The main M&A story so far this year was the one that got away: the collapse of Pfizer’s purchase of Allergan. But a closer look at M&A activity in the first quarter uncovers greater cause for concern. Like the tail-end of last year, the quarter just ended has been propped up by an outsized deal – Shire’s $32bn acquisition of Baxalta – which at least looks like it will not fall through.
Take away Shaxalta and only one megadeal remains, with the rest coming in under the $1bn threshold (see table below). There has also been a steep decline in the number of acquisitions since the second quarter of 2015. But things could pick up again soon, with Pfizer and Allergan both expected to seek out new targets now they have money to spend.
After the US Treasury crackdown that scuppered Pfallergan, Shire was quick to put out a statement saying the Baxalta transaction would proceed as planned and should be completed by mid-2016, as previously estimated.
Investors seemed to take this at face value, with the group’s share price rebounding after jitters on Tuesday. While there is a tax-saving element to the Shaxalta deal, it does not fall foul of the new US three-year lookback rules that sank Pfallergan, which took aim at serial inversions (Back to basics after the death of Pfallergan, April 6, 2016).
But the US changes could push up Shaxalta’s tax rate from the 16-17% that the Ireland-domiciled Shire had expected, making the deal less attractive (Tax U-turn means Shaxalta is a go, January 11, 2016).
Even so, Credit Suisse analysts noted: “We do not see the possible loss of this level of tax as likely to derail management's strong desire to complete the transaction.”
|Five-year M&A activity|
|Period||Combined deal value ($bn)||Deal count|
This is good news for the pharma industry after a dearth of big deals in the first quarter. The second largest acquisition of this period was Mylan’s $7.2bn purchase of Meda, but in joint third place were four deals at around $600m apiece.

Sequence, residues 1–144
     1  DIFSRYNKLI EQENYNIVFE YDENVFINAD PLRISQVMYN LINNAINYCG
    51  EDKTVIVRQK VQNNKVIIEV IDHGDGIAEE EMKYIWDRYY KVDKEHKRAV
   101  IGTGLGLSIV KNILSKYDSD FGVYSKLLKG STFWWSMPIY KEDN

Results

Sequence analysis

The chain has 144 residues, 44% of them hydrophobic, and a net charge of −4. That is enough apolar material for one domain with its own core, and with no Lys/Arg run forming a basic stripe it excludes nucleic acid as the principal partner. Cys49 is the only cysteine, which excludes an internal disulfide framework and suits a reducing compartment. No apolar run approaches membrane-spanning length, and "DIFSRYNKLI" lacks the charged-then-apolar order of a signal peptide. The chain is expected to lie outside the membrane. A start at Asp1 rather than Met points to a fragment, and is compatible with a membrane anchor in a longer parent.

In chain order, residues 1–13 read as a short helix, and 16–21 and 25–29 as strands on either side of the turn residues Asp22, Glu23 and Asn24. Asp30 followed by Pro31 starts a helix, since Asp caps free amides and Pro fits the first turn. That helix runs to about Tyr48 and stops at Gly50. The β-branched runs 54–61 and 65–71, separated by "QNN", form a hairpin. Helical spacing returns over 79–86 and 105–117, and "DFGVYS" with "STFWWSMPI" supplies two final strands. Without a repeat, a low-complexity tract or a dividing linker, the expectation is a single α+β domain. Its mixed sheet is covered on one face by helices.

Perhaps M&A is being held back by excessively optimistic expectations on the part of targets, despite many share prices nosediving this year.
|10 biggest pharma and biotech M&A deals announced in Q1 2016|
|Date announced||Acquirer||Target||Status||Value ($m)|
|March||Bristol-Myers Squibb||Padlock Therapeutics||Closed||600|
|January||Merck & Co||Quartet Medicine||Open||585|
|March||Humanwell Healthcare Group||Epic Pharma||Open||550|
|January||Merck & Co||IOmet Pharma||Closed||408|
|January||Acorda Therapeutics||Biotie Therapeutics||Open||363|
But there are still companies that need to acquire assets, and Pfizer and Allergan are just two of these. The former has been linked with GlaxoSmithKline, AstraZeneca and, indeed, Shire, which would all put inversion back on the agenda. And Allergan has wasted no time, already striking a deal with Sosei for its Alzheimer’s disease portfolio.
Glaxo might also be back on the acquisition trail once its megamerger-averse chief executive, Sir Andrew Witty, departs next year.
Other players needing to refresh their pipelines soon might include Lilly, particularly if its Alzheimer’s project solanezumab disappoints, and AbbVie, whose reliance on its rheumatoid arthritis blockbuster Humira is looking increasingly shaky as biosimilar competition begins to bite.
And many have been waiting for some time for Gilead to put its hand in its pocket and spend some of its cash pile. Its recent $400m purchase of Nimbus Therapeutics’ NASH candidate will not have satisfied those keen for a big oncology acquisition.
If the present malaise continues 2016 looks likely to fall short of previous years in both the number of deals and the total spent. Some of these companies will need to act if this is to change.